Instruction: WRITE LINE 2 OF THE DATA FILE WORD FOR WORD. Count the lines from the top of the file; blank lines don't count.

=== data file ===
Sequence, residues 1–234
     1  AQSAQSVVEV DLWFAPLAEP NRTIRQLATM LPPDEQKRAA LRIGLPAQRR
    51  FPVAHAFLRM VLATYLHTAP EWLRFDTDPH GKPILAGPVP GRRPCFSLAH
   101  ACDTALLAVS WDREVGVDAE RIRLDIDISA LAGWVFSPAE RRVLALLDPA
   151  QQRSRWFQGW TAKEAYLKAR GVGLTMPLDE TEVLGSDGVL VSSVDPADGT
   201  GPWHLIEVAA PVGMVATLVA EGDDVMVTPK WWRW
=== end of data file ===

     1  AQSAQSVVEV DLWFAPLAEP NRTIRQLATM LPPDEQKRAA LRIGLPAQRR